Without the @interfaceObject and its associated logic, distributing an interface type's definition across can impose continual maintenance requirements on your subgraph teams.

Let's look at an example that doesn't use @interfaceObject. Here, A defines the Media interface, along with two implementing entities:

Subgraph A
interface Media {
id: ID!
title: String!
}
type Book implements Media @key(fields: "id") {
id: ID!
title: String!
author: String!
}
type Movie implements Media @key(fields: "id") {
id: ID!
title: String!
director: String!
}

Now, if B wants to add a reviews to the Media interface, it can't just define that :

Subgraph B
interface Media {
reviews: [Review!]!
}
type Review {
score: Int!
}
type Query {
topRatedMedia: [Media!]!
}

This addition breaks composition. In the , the Media interface now defines the reviews , but neither Book nor Movie does!

For this to work, B also needs to add the reviews to every entity that implements Media:

⚠️

interface Media {
reviews: [Review!]!
}
type Review {
score: Int!
}
type Book implements Media @key(fields: "id") {
id: ID!
reviews: [Review!]!
}
type Movie implements Media @key(fields: "id") {
id: ID!
reviews: [Review!]!
}

This resolves our current error, but composition will break again whenever A defines a new that implements Media:

Subgraph A
type Podcast implements Media @key(fields: "id") {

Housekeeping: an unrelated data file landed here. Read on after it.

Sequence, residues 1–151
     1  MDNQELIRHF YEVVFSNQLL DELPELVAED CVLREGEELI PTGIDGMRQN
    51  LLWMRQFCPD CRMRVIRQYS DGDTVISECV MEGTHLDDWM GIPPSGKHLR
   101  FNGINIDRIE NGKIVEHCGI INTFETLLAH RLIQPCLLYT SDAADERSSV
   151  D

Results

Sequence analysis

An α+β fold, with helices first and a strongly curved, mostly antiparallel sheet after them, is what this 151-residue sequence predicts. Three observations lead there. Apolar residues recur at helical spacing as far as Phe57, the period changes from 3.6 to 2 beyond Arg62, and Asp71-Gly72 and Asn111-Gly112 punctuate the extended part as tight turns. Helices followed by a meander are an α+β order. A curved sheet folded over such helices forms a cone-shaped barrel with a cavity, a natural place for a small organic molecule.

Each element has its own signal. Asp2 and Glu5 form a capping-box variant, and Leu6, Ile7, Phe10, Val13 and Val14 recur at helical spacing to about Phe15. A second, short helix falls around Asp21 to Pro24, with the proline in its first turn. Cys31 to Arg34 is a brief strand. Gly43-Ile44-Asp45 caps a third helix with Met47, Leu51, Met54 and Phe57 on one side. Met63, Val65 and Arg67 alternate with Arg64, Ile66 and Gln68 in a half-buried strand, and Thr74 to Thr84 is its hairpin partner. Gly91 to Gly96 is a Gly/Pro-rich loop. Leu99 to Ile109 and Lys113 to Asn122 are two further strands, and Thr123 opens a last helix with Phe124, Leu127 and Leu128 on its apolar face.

id: ID!
title: String!
}

To prevent these errors, the teams maintaining A and Subgraph B need to coordinate their schema changes every time a new implementation of Media is created. Imagine how complex that coordination becomes if the definition of Media is instead distributed across ten !

In summary, B shouldn't need to know every possible kind of Media that exists in your . Instead, it should generically know how to fetch reviews for any kind of Media. This is the relationship that interfaces and @interfaceObject provide, as demonstrated in the example above.

Are there alternatives to using @interfaceObject?

The primary alternative to using @interfaceObject is to use the discouraged strategy described in the previous section. This requires duplicating all implementations of a given interface in each that contributes to that interface.

Note that this alternative also requires that each can resolve the type of any object that implements the interface. In many cases, a particular subgraph can't do this, which means this alternative is not feasible.

Previous
Entities (advanced)
Next
Migrating from schema stitching
Edit on GitHubEditForumsDiscord

© 2024 Apollo Graph Inc.

Privacy Policy

Company